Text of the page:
My opinion: The SPLOST projects list still has more wants than needs.
Reality: Thankfully, the Board of Commissioners does not make decisions based on any one constituent's personal opinions. And when you have a functional government (unlike Congress), elected officials sometimes have to make collaborative decisions where there is no perfect answer.
At the early SPLOST public meetings, Cobb made a good case that they had some absolute necessities, for which the county had no extra money within the budget.
However, after reviewing the original projects list, it was clear that there were a lot of projects that were not necessities. As more and more citizens reviewed the list and recognized the same problem, this became a hot issue and a lot of the "wants" were eventually eliminated.
I also pointed out that a lot of the projects initiated new services, or expanded existing services, which would require additional operating and maintenance expenses in future budgets. The county's justification for this SPLOST was that they did not have enough money in the budget to even cover all of their absolute necessities. So how was it appropriate to create large new future expenses, with no plausible way to pay for them, without additional future tax increases?
I was not going to support a tax where the revenues were going to be spent in ways that would necessitate additional future tax increases.
Three of the commissioners acknowledged the future funding problem for new services, and therefore the four-year project list has apparently removed nearly all projects that would create additional ongoing future expenses, except for a few where an increase in operating expenses would be offset by a decrease in maintenance expenses.
Numerous citizens raised another crucial issue. Why is Cobb seeking a "special purpose" SPLOST to pay for items that really should be funded as regular maintenance items within the budget?
This is a crucial fundamental question that needs to be answered. However, regardless of the legitimacy of this issue, Cobb currently has operating and maintenance necessities for which it has no available funding. There is no perfect answer to this dilemma.
In the end, this is where two commissioners felt that they didn't like any of their choices, but they still had an obligation to take care of the basic necessities of the county. They had succeeded in getting a lot of non-necessities eliminated, but they still had no clear alternative way to pay for some true necessities.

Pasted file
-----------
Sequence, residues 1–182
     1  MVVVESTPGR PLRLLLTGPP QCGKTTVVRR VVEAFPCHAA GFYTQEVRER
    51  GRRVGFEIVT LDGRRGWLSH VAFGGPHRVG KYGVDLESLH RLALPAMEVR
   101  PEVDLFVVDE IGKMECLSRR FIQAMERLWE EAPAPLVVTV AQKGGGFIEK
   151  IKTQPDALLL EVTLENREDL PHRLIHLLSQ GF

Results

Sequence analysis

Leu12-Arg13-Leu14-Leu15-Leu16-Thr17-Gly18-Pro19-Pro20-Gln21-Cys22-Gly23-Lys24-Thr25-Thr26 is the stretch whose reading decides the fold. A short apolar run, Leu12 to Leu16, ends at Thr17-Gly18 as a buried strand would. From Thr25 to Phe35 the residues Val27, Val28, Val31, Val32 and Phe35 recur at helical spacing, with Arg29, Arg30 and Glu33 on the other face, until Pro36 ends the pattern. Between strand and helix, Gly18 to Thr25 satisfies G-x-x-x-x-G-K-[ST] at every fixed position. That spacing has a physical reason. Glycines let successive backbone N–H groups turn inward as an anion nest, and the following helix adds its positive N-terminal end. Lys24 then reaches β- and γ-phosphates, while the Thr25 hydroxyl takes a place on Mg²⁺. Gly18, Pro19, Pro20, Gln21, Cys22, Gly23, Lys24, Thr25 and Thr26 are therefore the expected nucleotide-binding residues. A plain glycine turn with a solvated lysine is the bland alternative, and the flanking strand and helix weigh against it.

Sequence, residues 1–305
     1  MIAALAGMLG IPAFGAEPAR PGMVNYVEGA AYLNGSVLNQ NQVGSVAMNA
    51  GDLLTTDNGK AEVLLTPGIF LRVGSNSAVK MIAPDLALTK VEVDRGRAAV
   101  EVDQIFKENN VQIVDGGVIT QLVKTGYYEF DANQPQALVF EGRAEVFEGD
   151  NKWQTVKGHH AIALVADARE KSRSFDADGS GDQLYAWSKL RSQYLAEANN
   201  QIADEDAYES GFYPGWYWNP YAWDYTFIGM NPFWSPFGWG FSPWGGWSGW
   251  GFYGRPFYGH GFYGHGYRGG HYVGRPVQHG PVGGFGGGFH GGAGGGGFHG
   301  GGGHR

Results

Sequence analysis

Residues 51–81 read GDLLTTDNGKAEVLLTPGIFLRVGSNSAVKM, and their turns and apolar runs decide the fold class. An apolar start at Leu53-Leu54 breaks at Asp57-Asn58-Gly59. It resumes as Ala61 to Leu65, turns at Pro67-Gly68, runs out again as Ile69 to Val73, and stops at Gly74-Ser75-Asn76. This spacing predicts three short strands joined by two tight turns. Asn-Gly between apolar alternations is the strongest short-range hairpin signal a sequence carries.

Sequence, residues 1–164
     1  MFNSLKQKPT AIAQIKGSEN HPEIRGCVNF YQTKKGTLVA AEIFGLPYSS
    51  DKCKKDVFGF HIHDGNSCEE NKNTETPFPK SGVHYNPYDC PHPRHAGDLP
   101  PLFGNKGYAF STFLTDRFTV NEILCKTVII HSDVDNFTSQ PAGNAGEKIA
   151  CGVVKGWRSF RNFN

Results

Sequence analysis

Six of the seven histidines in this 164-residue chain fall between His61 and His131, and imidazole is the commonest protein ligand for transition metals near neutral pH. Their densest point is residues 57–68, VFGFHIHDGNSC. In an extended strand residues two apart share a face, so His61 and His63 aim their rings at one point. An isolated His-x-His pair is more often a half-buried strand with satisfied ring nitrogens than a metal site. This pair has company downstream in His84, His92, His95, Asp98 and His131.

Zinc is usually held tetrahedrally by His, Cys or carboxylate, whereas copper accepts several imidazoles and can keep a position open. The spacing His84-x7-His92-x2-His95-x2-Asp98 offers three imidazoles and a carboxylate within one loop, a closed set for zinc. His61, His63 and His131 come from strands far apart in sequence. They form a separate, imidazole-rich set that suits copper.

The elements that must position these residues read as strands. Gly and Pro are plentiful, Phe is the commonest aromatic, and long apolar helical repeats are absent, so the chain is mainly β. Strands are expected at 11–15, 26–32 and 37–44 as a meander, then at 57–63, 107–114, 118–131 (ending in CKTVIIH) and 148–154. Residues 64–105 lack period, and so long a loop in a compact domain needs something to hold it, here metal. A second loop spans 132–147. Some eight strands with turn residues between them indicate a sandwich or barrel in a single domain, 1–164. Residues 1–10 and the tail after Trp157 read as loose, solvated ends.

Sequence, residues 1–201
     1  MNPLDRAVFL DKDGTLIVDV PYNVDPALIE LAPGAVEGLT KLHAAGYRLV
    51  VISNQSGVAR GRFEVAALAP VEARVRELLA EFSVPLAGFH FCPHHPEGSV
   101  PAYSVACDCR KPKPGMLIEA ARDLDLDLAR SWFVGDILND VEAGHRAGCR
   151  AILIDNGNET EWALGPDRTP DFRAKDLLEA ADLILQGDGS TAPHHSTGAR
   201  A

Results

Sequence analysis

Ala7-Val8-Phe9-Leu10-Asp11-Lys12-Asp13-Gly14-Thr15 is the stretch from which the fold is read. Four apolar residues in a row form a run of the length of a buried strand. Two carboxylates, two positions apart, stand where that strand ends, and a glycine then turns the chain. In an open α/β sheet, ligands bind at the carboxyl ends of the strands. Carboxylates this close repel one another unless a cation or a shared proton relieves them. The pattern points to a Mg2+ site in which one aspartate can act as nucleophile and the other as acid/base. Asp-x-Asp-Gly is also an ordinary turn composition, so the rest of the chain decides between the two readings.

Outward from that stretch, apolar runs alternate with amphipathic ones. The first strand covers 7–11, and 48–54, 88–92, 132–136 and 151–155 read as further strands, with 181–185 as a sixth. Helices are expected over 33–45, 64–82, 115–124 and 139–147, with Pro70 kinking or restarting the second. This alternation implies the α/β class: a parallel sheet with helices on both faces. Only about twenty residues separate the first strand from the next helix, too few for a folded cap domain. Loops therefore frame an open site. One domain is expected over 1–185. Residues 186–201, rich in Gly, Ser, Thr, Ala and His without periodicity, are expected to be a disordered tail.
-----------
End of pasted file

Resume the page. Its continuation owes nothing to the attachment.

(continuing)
So they agreed to a compromise that would put a four-year SPLOST on the ballot, only if it was accompanied with an action to move Cobb toward being able to fund its necessities in the future, within the county's normal operating budget.
The commissioners are initiating a new citizens' audit committee that will have to look at more than just future revenue sources. The committee will also have to look at current services, and potential future services, and provide the county a realistic plan for meeting our future needs, without increases in tax rates, and without the necessity to implement new tax schemes.
The citizens' audit committee will initiate a process that has the potential to be very beneficial to Cobb taxpayers. The committee should be made up of regular citizens, who are knowledgeable about the County's functions, and it should exclude anyone with business interests or other interests where that person would have potential for any type of profit or gain from the county.
The commissioners' compromise was reasonable. Nevertheless, I still don't think the four-year SPLOST was the best answer.
By December, even some of the most ardent anti-tax citizens recognized that there were some true necessities for which the county had no funding. Even the Tea Party was willing to compromise on a three-year SPLOST, with a more scaled-back projects list.
I really think the commissioners should have eliminated more non-necessities, winding up with a three-year SPLOST that would have achieved a compromise with citizens / voters.
So, it is now up to the voters. I think if the $486 million SPLOST is voted down, the commissioners will come up with a list of the true necessities and figure out how to fund that list. I think that list will be less than $200 million.
Regardless of whether you oppose the March 15 special election date, and regardless of whether you support or oppose the SPLOST, it is now your responsibility to vote. Get this on your calendar. Don't forget. No excuses. Vote!
Ron Sifen of Vinings is former president of the Vinings Homeowners Association and former president of the Cobb Civic Coalition.